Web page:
Footnotes

  1. Sophie Meunier and Kathleen McNamara, Making History: European Integration and Institutional Change at Fifty, (New York: Oxford University Press, 2007).
  2. Roy Ginsberg, “Conceptualizing the European Union as an International Actor: Narrowing the Theoretical Capacity-Expectations Gap,” Journal of Common Market Studies 2(1999): 16.
  3. Meunier and McNamara, Making History: European Integration and Institutional Change at Fifty.
  4. Derek Mix, “The European Union: Foreign and Security Policy,” Congressional Research Service 7(2013): 20.
  5. Franck Debié, “The EU as a continent wide political entity: External normative actor and internal normative power,” IERI Working Papers 11(2013): 6.
  6. Christopher Hill and Michael Smith, International Relations and the European Union (2nd ed.), (New York: Oxford University Press, 2011).
  7. Mix, “The European Union: Foreign and Security Policy,” 22.
  8. “EU Common Foreign and Security Policy,” Government Offices of Sweden, 2009.
  9. “European Union External Action: About CSDP – Overview,” EUROPA, 2013.
  10. Roy Ginsberg, The European Union in International Politics: Baptism by Fire, (Oxford: Rowman & Littlefield Publishers, Inc., 2001).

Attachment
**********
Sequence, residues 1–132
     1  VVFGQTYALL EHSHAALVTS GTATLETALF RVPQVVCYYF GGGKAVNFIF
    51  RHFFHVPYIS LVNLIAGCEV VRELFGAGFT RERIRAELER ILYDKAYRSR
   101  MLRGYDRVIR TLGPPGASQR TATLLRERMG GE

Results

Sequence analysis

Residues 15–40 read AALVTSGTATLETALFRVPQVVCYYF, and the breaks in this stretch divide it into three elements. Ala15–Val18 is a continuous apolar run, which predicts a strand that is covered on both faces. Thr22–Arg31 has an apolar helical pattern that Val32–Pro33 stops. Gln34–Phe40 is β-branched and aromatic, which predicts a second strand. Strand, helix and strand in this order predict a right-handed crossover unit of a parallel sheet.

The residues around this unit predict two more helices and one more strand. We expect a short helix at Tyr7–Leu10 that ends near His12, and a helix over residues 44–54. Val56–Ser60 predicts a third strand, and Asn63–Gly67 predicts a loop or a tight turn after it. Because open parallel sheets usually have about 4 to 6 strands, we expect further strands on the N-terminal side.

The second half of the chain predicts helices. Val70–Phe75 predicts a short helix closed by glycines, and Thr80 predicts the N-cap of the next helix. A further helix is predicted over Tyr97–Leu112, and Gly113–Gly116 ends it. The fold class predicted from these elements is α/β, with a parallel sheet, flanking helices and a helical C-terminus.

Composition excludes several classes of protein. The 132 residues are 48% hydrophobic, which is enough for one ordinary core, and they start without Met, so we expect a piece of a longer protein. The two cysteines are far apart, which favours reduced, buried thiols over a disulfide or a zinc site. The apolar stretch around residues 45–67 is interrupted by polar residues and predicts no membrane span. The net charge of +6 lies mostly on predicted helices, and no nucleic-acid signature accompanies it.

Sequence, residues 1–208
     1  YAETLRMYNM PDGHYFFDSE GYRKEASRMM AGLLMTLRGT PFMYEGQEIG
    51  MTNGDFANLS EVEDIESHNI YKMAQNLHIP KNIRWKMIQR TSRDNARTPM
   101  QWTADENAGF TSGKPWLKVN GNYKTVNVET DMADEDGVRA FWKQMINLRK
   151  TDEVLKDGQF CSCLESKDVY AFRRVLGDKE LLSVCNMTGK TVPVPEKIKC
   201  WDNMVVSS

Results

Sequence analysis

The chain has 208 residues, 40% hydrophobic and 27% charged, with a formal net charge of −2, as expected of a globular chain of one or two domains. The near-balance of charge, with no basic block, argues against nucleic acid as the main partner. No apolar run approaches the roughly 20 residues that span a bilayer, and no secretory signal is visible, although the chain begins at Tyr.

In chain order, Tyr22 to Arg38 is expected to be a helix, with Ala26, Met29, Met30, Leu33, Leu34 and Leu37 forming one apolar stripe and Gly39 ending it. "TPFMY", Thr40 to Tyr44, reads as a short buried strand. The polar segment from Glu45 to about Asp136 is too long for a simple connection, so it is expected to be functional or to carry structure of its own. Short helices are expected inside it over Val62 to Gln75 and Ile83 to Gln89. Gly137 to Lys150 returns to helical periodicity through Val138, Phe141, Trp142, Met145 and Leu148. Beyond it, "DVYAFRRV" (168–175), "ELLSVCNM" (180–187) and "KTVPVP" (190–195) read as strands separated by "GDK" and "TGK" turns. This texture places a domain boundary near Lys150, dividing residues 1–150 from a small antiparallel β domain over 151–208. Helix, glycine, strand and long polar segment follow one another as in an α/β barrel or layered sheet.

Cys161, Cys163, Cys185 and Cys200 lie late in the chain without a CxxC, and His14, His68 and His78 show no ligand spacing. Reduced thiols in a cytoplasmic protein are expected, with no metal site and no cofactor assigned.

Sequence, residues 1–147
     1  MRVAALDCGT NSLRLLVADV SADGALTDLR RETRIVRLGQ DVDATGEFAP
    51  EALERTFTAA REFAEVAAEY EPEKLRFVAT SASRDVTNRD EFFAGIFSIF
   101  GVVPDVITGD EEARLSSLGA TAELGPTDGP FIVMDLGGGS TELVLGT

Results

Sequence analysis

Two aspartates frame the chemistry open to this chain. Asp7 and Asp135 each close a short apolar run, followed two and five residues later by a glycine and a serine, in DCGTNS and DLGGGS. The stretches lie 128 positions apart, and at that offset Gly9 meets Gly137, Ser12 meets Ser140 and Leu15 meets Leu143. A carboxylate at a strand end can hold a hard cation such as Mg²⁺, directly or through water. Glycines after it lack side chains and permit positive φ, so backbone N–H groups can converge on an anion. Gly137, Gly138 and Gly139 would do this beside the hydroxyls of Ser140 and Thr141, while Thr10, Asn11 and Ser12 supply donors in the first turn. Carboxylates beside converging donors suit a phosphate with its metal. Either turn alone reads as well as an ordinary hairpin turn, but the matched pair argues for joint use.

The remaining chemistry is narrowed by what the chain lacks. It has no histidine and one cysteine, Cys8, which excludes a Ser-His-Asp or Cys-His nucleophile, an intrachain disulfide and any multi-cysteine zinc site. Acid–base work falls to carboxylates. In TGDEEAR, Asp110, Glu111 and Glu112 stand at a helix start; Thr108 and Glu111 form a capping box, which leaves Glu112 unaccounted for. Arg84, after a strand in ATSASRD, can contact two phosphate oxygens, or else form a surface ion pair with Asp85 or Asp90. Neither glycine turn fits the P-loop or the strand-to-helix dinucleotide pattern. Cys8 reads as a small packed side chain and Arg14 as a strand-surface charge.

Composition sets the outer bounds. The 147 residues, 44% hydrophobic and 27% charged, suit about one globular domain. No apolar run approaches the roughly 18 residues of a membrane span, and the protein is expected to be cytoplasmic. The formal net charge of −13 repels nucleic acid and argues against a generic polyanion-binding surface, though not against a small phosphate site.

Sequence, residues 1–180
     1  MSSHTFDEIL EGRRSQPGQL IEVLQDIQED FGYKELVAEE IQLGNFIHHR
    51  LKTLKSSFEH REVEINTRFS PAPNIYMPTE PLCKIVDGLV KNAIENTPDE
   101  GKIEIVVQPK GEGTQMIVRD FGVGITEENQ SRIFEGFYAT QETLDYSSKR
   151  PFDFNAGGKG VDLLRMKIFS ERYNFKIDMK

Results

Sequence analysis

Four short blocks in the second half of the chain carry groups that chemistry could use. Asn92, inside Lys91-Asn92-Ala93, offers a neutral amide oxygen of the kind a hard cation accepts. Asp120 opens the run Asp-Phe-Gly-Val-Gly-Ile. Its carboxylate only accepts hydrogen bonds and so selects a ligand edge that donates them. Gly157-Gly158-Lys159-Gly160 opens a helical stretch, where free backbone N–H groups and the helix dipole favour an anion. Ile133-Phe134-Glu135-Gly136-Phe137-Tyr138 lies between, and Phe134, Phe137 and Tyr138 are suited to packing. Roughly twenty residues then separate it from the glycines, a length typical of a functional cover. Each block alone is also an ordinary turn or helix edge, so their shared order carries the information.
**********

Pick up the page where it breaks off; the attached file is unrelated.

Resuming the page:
11. Neill Nugent, The Government and Politics of the European Union (6th ed.), (New York: Duke University Press, 2006).
  12. David Allen and Alfred Pijpers, European foreign policy-making and the Arab-Israeli conflict, (The Hague: Martinus Nijhoff Publishers, 1984).
  13. Luk Langenhove and Léonie Maes, “The Role of the EU in Peace and Security: Human Security, Peace, Regional Integration,” United Nations University, 2012.
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IvyPanda. "European Union as an Actor in International Political Economy." September 27, 2019. https://ivypanda.com/essays/european-union-as-an-actor-in-international-political-economy/.

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IvyPanda. 2019. "European Union as an Actor in International Political Economy." September 27, 2019. https://ivypanda.com/essays/european-union-as-an-actor-in-international-political-economy/.

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IvyPanda. (2019) 'European Union as an Actor in International Political Economy'. 27 September.